What Affects House Construction Costs?
In creating a plan and pro forma for a new project, one of the key assumptions is the vertical construction costs of a home. It is very common that our industry refers to these costs on a “per square foot” basis, which can sometimes be misleading depending on a variety of factors.
One of the first factors is primarily the size of the home. On the per-square-foot basis, the smaller home is generally higher because the smaller home has all of the more expensive elements such as the kitchen, bathrooms, furnaces, water heaters, and other core features. The larger home will have the same core elements but probably the cheaper space of lumber and drywall. As example, an 1800-sf home might be $85 per square foot versus $75 for a 2200-sf home. The larger home costs more in total dollars, but the square foot metric is reversed.
Another cost element is the design intricacies of a house. A squarer, boxier design will be cheaper for the foundation, framing, and many other contractors. If a house has more twists and turns, these trades usually allow for more labor to complete the work. Another example is the number of windows required, which can vary widely depending on the design complexity. If you see a house that looks architecturally significant, it is a good chance that the structure costs are higher.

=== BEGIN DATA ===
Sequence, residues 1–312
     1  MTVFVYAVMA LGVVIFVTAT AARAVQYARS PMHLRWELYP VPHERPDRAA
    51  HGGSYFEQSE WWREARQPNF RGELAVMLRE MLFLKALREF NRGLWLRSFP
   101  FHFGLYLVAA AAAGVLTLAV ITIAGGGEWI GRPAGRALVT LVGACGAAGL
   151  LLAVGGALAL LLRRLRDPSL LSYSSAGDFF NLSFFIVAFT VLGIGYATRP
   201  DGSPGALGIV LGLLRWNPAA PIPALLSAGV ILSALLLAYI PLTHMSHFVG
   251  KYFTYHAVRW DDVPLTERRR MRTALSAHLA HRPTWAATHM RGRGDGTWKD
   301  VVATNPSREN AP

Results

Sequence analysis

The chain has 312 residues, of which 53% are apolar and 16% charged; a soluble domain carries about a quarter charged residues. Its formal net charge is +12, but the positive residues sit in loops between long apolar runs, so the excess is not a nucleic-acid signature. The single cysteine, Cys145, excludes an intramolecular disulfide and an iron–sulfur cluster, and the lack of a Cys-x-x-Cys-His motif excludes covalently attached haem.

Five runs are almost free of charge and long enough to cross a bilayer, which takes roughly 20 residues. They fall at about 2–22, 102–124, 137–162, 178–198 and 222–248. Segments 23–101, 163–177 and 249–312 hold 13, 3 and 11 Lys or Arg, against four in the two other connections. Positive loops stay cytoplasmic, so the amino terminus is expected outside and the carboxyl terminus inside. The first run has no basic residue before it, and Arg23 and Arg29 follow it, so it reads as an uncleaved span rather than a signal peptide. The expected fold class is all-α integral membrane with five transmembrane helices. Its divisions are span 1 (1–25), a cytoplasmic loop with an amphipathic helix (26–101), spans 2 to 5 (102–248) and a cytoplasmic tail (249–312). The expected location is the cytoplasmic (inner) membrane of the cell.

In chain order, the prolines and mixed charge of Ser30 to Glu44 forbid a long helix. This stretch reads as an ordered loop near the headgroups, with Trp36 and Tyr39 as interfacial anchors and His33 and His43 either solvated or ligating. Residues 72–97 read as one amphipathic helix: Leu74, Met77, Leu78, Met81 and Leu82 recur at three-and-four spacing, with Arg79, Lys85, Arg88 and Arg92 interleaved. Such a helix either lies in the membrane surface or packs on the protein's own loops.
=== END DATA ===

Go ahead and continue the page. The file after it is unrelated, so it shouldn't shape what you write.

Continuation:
The level of features, or “spec level”, tends to be the other key element in the overall costs. Interior wise, the type of cabinets, appliances, sinks, faucets, countertops, tub enclosures, and many more items can add or save costs. On the exterior, such items as shutters, siding, roof tiles, wrought iron, and window trim can have a big impact. Homebuilders who are very market driven will understand what costs are essential or not to attract their homebuyers.
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